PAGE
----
Parables of Space: Lavi Daniel| Armory Center for the Arts, 145 N. Raymond Ave., Pasadena | (626) 792-5101 | Through February 25
LAVI DANIEL: Recent Ink Wash Drawings | Bobbie Greenfield Gallery, Bergamot Station, 2525 Michigan Ave., B6, Santa Monica | (310) 264-0640 | Through January 20
I’m not sure how ultra-new these are. Pittman runs the gamut of abstract devices from stripes to grids to concentric rings to zigzags with only a couple of examples conveying compositional inventiveness. What is original is the artist’s technique of rendering these patterns with off-register layers of different-colored marker ink in tight herringbone patterns, resulting in a fuzzy too-close-to-the-TV-screen abstraction that is headache-inducing but sweetly irresistible. Note the closing date!
Nicholas Pittman: Ultra New Works | 1522 Gallery, 1522 Abbot Kinney Blvd., Venice | (310) 392-3635 | Through December 22
I already wrote about this show (October 27–November 2), but since its underlying thesis posits that the root of all the other visual art discussed here lies in the pedagogical practices of early-19th-century crystallographer Friedrich Froebel’s wildly popular geometry-based educational reform movement, it seems fitting to plug it again. Unrecognized geometric-abstractionist pioneers Grace Lynde, Abigail A. Herrick, Ina C. Getz, Elma Korb and H.B. French, whose remarkable works — technically paper collage, in most cases — were created as demos or practice pieces for teaching toddlers to think isometrically, are finally given their due in the gallery of one of the most prominent art and design colleges in America. They hold their own, and then some.
Inventing Kindergarten | Alyce de Roulet Williamson Gallery, Art Center College of Design, 1700 Lida St., Pasadena | (626) 396 2446 | Through January 7
Caspar and Richter
These last two listings are actually half-shows. In Gerhard Richter’s case, a group of the crispy German’s recent layered squeegee abstractions are paired with the moody, pathetically fallacious landscapes of fellow Dresdenite Caspar David Friedrich. Richter is kind of a case study in crabby cerebral painting theory — I always think of him as the self-righteous authoritarian Gumby to mischievous anarchist Sigmar Pokey. Richter epitomizes the artist who confuses the flaws and limitations of words with the boundaries of visual language, much like so many Western philosophers who insist on the futility of discourse but can’t seem to shut the hell up!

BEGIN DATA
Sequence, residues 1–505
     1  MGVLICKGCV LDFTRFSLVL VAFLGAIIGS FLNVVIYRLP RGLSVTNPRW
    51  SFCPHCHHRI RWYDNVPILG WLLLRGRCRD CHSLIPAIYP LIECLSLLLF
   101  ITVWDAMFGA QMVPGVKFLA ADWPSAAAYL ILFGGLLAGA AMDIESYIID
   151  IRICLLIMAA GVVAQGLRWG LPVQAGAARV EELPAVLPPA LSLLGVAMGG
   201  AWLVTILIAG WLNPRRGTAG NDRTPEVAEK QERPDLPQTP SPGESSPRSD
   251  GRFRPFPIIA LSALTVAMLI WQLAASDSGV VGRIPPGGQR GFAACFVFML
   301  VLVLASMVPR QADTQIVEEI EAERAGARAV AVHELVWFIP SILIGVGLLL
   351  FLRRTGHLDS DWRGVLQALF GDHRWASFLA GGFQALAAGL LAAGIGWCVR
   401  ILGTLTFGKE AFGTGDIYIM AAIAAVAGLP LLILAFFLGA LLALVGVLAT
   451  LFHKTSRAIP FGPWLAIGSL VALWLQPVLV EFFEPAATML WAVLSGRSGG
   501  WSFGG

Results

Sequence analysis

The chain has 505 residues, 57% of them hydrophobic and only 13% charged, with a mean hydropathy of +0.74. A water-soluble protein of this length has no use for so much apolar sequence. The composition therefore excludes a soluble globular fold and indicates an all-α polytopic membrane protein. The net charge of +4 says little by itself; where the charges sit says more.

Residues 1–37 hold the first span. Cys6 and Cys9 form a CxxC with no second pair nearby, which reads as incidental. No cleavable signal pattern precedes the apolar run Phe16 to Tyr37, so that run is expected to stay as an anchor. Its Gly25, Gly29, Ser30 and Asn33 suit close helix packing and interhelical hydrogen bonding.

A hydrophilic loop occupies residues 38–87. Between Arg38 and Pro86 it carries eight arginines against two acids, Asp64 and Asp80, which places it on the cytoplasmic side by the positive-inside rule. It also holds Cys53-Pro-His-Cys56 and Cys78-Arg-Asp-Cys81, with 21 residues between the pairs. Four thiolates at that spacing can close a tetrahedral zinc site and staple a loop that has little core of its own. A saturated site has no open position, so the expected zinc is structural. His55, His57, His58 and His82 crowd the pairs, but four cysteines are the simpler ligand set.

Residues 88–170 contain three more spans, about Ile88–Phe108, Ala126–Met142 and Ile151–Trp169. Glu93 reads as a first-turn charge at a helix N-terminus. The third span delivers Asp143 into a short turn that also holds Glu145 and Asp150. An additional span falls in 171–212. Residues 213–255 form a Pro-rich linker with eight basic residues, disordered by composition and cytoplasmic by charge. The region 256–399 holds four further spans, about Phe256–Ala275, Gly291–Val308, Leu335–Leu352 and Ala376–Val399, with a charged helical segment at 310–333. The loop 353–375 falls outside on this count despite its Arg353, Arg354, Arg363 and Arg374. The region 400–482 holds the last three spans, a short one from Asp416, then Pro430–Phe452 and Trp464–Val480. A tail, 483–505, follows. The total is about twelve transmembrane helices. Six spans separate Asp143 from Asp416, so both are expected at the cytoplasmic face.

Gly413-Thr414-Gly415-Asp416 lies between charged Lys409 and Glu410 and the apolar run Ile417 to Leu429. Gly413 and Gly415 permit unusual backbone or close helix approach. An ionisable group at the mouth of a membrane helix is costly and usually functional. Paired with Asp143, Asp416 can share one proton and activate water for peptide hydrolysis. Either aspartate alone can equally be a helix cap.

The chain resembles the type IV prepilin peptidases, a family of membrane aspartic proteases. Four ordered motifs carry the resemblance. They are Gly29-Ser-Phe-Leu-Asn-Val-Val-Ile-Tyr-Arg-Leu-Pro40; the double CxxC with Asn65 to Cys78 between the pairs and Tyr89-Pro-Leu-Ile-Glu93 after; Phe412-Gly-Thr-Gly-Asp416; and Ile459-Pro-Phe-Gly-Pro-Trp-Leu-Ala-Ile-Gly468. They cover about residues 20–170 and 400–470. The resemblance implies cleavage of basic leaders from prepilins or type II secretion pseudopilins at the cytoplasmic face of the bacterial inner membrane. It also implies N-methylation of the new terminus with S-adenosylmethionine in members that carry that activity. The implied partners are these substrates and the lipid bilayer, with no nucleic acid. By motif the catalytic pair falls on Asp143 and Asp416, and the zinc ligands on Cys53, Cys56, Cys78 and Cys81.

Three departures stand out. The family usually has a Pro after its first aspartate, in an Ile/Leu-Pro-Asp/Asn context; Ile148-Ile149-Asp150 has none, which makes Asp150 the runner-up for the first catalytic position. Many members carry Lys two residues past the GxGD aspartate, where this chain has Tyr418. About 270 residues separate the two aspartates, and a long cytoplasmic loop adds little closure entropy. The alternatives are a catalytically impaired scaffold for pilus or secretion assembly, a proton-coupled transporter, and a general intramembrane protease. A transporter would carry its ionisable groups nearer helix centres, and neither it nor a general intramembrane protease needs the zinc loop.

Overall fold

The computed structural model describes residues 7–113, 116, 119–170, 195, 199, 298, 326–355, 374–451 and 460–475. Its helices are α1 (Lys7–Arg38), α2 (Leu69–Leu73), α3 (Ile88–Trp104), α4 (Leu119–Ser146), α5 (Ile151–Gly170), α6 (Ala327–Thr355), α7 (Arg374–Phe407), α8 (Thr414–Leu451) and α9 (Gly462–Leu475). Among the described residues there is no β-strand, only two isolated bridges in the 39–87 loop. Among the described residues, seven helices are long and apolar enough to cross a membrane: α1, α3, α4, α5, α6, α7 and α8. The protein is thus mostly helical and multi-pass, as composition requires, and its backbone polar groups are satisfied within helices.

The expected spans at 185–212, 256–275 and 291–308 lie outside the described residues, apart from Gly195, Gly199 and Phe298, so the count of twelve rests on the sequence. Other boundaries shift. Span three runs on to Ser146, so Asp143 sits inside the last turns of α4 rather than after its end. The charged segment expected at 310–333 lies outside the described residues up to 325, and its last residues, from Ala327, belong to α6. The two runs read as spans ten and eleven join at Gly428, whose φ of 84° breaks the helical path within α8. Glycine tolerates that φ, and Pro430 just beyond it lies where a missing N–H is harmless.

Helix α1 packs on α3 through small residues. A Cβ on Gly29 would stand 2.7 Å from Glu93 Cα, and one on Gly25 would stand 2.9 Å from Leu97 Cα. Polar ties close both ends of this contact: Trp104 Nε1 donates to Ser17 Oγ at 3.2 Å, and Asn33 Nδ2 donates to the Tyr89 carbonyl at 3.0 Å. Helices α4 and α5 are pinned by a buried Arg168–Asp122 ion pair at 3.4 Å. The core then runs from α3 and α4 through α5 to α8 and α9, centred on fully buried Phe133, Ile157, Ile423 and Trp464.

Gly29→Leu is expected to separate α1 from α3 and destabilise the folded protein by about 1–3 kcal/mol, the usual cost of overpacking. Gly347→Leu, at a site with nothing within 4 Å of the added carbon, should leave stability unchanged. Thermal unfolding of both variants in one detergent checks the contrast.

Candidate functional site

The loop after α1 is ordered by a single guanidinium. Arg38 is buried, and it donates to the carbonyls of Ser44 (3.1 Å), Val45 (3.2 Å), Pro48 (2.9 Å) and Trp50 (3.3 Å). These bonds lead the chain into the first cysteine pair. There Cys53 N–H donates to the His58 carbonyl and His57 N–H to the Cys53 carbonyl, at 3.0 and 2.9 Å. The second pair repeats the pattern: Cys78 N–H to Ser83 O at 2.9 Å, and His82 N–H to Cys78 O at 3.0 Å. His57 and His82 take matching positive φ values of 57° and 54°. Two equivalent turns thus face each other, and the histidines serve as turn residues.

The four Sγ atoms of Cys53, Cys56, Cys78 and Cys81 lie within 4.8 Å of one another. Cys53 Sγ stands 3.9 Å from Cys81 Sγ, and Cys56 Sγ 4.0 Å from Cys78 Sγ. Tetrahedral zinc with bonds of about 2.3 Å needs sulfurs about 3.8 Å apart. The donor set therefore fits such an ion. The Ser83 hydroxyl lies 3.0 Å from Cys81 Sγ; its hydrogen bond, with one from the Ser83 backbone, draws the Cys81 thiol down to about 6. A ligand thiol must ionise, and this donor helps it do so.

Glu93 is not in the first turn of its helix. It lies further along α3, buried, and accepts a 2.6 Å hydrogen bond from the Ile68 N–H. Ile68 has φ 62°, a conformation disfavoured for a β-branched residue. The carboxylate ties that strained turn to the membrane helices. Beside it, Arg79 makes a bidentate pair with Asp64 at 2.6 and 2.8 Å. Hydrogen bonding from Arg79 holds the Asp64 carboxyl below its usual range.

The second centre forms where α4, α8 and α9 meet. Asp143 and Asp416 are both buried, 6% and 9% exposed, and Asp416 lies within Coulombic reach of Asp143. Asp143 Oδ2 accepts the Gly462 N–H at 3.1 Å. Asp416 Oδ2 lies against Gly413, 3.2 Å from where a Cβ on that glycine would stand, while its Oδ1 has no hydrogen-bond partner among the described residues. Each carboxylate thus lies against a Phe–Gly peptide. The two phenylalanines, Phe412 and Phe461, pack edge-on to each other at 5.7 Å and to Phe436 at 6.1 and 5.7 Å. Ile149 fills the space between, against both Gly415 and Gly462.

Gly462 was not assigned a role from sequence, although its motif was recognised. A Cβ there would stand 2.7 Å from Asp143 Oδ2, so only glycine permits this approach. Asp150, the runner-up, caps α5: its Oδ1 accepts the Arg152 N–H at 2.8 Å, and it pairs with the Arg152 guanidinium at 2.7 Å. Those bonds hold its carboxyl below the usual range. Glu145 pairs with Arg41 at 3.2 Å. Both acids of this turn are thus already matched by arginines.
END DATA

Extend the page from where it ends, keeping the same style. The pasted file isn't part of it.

This works out fine, though, since what Richter continues to spew forth is actually quite handsome painting. His oeuvre is divided equally between blurry photorealism and near-mechanical faux expressionism, but the aura of cynicism that makes his work so attractive to academics evaporates quite readily when confronted in the flesh. His earliest squeegee paintings deliberately used difficult, random-looking combinations of highly saturated colors, but in recent years he’s taken to limiting his palette (in this case, grays with small outbursts of primaries), resulting in works that might as well have been made for their sumptuous decorativeness, or spiritual power, or whatever. When the aliens unearth this stuff in 10,000 years, they won’t be checking the footnotes. It stands on its own, with no help — and finally, thankfully, no hindrance — from critical rationalizations.
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From Caspar David Friedrich to Gerhard Richter: German Paintings From Dresden | Getty Center, 1200 Getty Center Dr., L.A. | (310) 440-7300 | Through April 29
One of the highlights of the second annual L.A. Weekly Biennial was the work of UCLA grad student Josh Aster, whose work may or may not be currently on view at the Hayworth Gallery — around the corner from Fairfax and Beverly — in a two-person show called “Exact Change.” In just a couple of years, Aster’s work has gone from orderly-but-metastasizing monochromatic parking-lot mappage to puzzling multicolored mashups of wet, soft-focus brush strokes that teeter on the brink of visual chaos. Of the half-dozen smallish ink-and-watercolor works included here, the most striking is the almost North African–looking Red Interior, while the most peculiar is Late Night Moral Victory, which looks like it fell out of some parallel universe where the beatniks won the culture wars. Check this out if they keep it up like I told them to — otherwise watch out for a stunning solo debut. Josh Aster will wake you up to the viability of contemporary geometric abstraction or your mattress is free!
Exact Change: Works by Joshua Aster and Maha Saab | Hayworth Gallery, 148 N. Hayworth Ave., L.A. | (323) 933-5565 | Through January by appointment only